Gene therapy with adenovirus-mediated myocardial transfer of vascular endothelial growth factor 121 improves cardiac performance in a pacing model of congestive heart failure

Eros Leotta, Gerald Patejunas, Glenn Murphy, Joseph Szokol, Leslie McGregor, Jo Ann Carbray, Adam Hamawy, David Winchester, Neil Hackett, Ronald Crystal, Todd Rosengart

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Background: Myocardial ischemia is the most common cause of congestive heart failure. Angiogenic therapy has recently been demonstrated to enhance myocardial perfusion in the ischemic setting. We therefore hypothesized that administration of adenovirus encoding for vascular endothelial growth factor could be used to enhance myocardial function in a pacing-induced model of heart failure. Methods: Yorkshire swine underwent a left thoracotomy with placement of a ventricular epicardial pacing system. Animals received adenovirus coding either for the 121-amino-acid isoform of vascular endothelial growth factor (AdCUVEGF121.1 group, n = 8) or a null vector coding for no genes (AdNull group, n = 8). The adenovirus was administered in the left ventricular free wall as 10 transepicardial injections of 100 μL each (total dose of 1011 particle units). After a 1-week recovery period, animals were paced at a rate of 230 beats/min for 7 days to induce heart failure, Transthoracic echocardiographic and sonomicrometric measurements were performed before pacing (baseline), on termination of pacing (day 0), and then weekly for 3 weeks. Results: The fractional area change was significantly decreased in AdNull animals at day 0 after pacing compared with the AdCUVEGF121.1 animals (29% ± 14% vs 46% ± 8%, P = .02). The fractional area change recovered to baseline values within 7 days in the AdCUVEGF121.1 animals (62% ± 7%) but remained significantly impaired in the AdNull group compared with that in the AdCUVEGFI21.1 animals up to day 21 (P = .04). Similarly, fractional wall thickening demonstrated a decrease at day 0 after pacing that was greater (P < .05) in the AdNull group compared with that in the AdCUVEGF121.1 group in 5 of 6 segments. Fractional wall thickening returned to levels approximating prepacing values in all segments within 7 days in the AdCUVEGF121.1 group but remained significantly impaired compared with prepacing fractional wall thickening (P < .05) in the AdNull group in 5 of 6 segments up to day 21 after pacing. Segmental shortening, as measured by sonomicrometry, also was significantly decreased at day 7 in the AdNull group compared with that in the AdCUVEGF121.1 group (10% ± 4% vs 16% ± 3%, P = .004) and remained significantly impaired (P < .05) in the AdNull group at day 14 and 21 when compared with baseline values. Conclusion: Preservation of cardiac performance and a more rapid recovery of myocardial function can be achieved in a model of pacing-induced cardiomyopathy with adenovirus-mediated administration of vascular endothelial growth factor compared with that seen in a null virus control group. These data suggest that angiogenic therapy may be useful clinically in treating cardiomyopathy.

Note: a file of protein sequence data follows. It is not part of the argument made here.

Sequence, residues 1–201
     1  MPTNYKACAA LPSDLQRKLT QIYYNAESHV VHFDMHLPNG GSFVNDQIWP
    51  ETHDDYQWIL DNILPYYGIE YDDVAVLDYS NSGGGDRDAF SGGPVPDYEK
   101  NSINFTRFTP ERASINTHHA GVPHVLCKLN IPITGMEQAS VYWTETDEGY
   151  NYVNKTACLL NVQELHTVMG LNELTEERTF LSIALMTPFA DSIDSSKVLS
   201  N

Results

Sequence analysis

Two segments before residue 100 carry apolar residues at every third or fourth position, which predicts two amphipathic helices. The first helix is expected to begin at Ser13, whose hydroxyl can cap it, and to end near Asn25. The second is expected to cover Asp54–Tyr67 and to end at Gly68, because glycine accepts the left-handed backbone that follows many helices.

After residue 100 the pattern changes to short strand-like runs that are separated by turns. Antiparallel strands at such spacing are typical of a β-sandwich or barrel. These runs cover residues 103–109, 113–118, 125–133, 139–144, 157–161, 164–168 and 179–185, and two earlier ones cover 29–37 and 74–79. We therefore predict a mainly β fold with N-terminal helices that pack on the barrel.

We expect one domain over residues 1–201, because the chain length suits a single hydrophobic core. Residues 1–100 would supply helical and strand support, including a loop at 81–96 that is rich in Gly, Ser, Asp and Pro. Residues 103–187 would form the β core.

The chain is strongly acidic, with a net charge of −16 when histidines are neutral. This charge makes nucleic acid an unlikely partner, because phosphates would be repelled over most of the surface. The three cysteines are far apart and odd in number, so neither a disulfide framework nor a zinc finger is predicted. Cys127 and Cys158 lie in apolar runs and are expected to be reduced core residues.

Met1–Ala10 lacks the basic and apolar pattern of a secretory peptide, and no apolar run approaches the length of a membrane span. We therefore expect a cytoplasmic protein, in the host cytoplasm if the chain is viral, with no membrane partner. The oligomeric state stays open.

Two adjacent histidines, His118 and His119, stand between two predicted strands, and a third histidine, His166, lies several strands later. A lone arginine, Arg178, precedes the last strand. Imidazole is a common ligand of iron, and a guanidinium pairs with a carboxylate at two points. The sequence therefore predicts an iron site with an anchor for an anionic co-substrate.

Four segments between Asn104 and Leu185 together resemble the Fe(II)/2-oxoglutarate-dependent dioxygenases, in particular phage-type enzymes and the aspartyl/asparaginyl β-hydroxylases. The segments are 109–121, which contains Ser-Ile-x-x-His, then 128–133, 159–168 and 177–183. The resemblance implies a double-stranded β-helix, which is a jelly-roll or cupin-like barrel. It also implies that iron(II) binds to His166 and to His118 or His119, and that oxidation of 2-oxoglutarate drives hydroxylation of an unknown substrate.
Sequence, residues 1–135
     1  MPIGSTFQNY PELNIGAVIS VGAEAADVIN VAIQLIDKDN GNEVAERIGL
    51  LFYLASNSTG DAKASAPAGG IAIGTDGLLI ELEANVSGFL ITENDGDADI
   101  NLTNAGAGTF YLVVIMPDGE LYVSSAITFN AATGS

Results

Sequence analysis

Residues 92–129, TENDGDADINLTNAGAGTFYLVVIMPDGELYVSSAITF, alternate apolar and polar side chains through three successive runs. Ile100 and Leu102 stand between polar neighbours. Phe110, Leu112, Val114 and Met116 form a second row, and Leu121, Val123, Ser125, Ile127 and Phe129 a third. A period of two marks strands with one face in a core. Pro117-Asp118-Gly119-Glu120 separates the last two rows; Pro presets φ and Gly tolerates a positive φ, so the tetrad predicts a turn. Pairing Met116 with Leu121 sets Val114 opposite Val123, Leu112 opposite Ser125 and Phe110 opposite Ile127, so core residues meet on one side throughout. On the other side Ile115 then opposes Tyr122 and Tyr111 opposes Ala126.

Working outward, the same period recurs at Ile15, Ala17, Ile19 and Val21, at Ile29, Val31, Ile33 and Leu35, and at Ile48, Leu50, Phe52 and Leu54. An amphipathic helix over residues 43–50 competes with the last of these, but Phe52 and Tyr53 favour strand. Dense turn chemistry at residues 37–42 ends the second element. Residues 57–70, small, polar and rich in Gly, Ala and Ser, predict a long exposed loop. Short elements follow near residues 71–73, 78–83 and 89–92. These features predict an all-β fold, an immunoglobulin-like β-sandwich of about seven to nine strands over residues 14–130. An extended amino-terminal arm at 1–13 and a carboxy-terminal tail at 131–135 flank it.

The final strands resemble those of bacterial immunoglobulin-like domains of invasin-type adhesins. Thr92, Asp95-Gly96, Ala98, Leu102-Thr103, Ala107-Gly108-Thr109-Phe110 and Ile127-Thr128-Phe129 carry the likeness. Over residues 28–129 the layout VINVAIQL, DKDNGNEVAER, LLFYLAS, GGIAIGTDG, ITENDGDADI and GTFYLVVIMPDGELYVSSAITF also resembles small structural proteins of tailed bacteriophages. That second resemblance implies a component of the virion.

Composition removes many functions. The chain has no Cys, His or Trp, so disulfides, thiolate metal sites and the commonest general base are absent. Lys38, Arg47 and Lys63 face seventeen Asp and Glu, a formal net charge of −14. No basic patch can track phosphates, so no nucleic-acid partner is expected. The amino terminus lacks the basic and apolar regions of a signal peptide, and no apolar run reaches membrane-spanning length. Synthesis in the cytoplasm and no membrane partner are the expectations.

Original languageEnglish
Pages (from-to)1101-1113
Number of pages13
JournalJournal of Thoracic and Cardiovascular Surgery
Issue number6
Publication statusPublished - 1 Jun 2002
Externally publishedYes


ASJC Scopus subject areas

  • Surgery
  • Pulmonary and Respiratory Medicine
  • Cardiology and Cardiovascular Medicine

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